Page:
Gordon Rovers F.C. [Newspaper Article] — Gordon, Egerton and Ballan Advertiser — 1 May 1914
Gordon Rovers F.C. In the list of office-bearers appear ing in last week's "Advertiser," the following names were omitted :— Pres. Mr P. Carton; vice-presidents tt Messrs \V. Bowdeu, B. Papworth I and D. Kolin ; patrons, Frs Cusack and M'Mahon, Messrs C. O'Brien and W. Tolliday. [ The club held a ball on Wednes day night in the Mechanics' Hall. Music was supplied by Messrs Ger coveitch, of Ballarat, whilst Mr P. Carton was M.C. Mr Briant, of I Ballarat, had the catering.
Departing Residents. [Newspaper Article] — Gordon, Egerton and Ballan Advertiser — 1 May 1914
Departing Residents. Mr ami Mrs R. Nickols, old resi dents of Gordon, are leaving for Leigh Creek, where they intend tak ing the well-kuown Leigh Creek ; Hotel, which has gained a good re putation at the handsot Mr and Miss Duffy, who are leaving the district. For many years they have been as sociated with the hotel business here, and are only leaving owing to I their hotel (the Commercial) having become delicensed.
BLOWING HIS OWN TRUMPET. [Newspaper Article] — Gordon, Egerton and Ballan Advertiser — 1 May 1914
BLOWING HIS OWN TRUMPET. When you hear a fellow boasting OC the bravo deeds ho has done, Don't disturb him, lot him toll you All l\ls smart things one liy one; But remind him when lie's finished— Yes, Ills pardon humbly beg— That the hen that cackles loudest Does not lay the biggest eng. No doubt you have met people— There aro lots of them, you know— Who to iivamtao aye aro ready, At performing very slow. In fair weather they're staunch com rades. But In foul they show the leg; For the hen that cackles loudest Does not lay the biggest egg. Babbling streams make far move noise Than the stately rivers' (low. Though upon the latter, commerce Busily goes to and fro. So it Is with human mortals, Workers 011 111 silence peg; For the hen that cackles loudest Does not lay the biggest egg. So of boasters I would warn you, Don't believe half what they say, For the man who's ayo a-blowing His own trumpet's just a Jay. And experience will teach you Never of tliem favors beg; For the hen that ca...
Advertising [Newspaper Article] — Gordon, Egerton and Ballan Advertiser — 1 May 1914
How To Cure Indigestion The following letters will be of in* reuse interest to sufferers from indi gestion:— From Mrs. D. H. Cole, 70 Keiglitley road, Subiaco, W.A. "For many years I suffered from 'requent attacks of indigestion, follow ed by pains in the chest, severe head iches, sleeplessness, biliousness, con stipation and pains under the shoulder blades. I could retain little on my sto mach, and vomited frequently. I tried \ variety of medicines with very little ■sood result. I happened to read one >f Warner's Safe Cure pamphlets, and ;eeing in it how others had taken War ler's Safe Cure with beneficial re sults, I decided to try that medicine, f obtained great relief from the first bottle; in fact, from the first few doses t took. After taking Warner's Safe 4£ure for a few weeks I was quite re stored to health. All niy former trou ble has gone from me, I hope, and be lieve, never to return. Now I am feel ing fit and strong as I could wish to be." From Mr. T. Darcyi 163 St. L...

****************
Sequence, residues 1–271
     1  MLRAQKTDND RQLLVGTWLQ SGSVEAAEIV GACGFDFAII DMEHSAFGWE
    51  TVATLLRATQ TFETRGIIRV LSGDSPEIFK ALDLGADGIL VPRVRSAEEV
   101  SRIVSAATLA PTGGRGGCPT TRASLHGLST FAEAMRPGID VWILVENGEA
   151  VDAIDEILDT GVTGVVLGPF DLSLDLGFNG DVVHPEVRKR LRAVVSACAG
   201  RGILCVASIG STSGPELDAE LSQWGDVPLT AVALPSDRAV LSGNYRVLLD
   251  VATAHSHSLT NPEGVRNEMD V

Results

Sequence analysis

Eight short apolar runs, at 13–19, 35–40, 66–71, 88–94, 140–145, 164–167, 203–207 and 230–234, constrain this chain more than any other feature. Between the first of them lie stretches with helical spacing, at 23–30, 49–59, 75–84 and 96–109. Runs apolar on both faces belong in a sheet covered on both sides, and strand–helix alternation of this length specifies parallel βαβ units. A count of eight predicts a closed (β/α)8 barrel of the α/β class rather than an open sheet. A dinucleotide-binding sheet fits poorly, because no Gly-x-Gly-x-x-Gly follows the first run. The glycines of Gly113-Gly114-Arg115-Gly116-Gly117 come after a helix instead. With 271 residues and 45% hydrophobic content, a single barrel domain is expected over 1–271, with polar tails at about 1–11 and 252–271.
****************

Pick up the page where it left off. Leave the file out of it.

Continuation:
Leila and Her Lover. Published by Arrangement with Ward, Lock and Co. Ltd., London and Melb. (All Rights Reserved.) IV. [Newspaper Article] — Gordon, Egerton and Ballan Advertiser — 1 May 1914
Leila and Her Lover. By MAX PEMBERTON. Published by Arrangement with Ward, Lock and Co. Ltd,, London and Melb. (All Rights Reserved.) IV. It was half-past three when lie ar rived ai tho prison—oddly enough the first tlmo ho had entered one in all his life. All the great traditions of the houBc of Donald had to do with the activities of manhood, war, tho chase, tho camps and courts of kings. He had known Aborfeldy Castle for a home since he had been a little lad, had found his childish kingdom on tho wild moorland or by the rugged sea shore. He knew littlo of cities, less of the sordid phases of twentieth cen tury life. London had been for him a vast theatro wherein he had seen the show from the boxes rather than from (he stalls—while of the pit ho had but the vaguest impressions. To such a man a prison stood at the nadir of life's purpose. He remember ed oncc seeing a poor woman in Aber feldy who had returned from Edin burgh gaol, and he recalled the fur tive home-coming of the wret...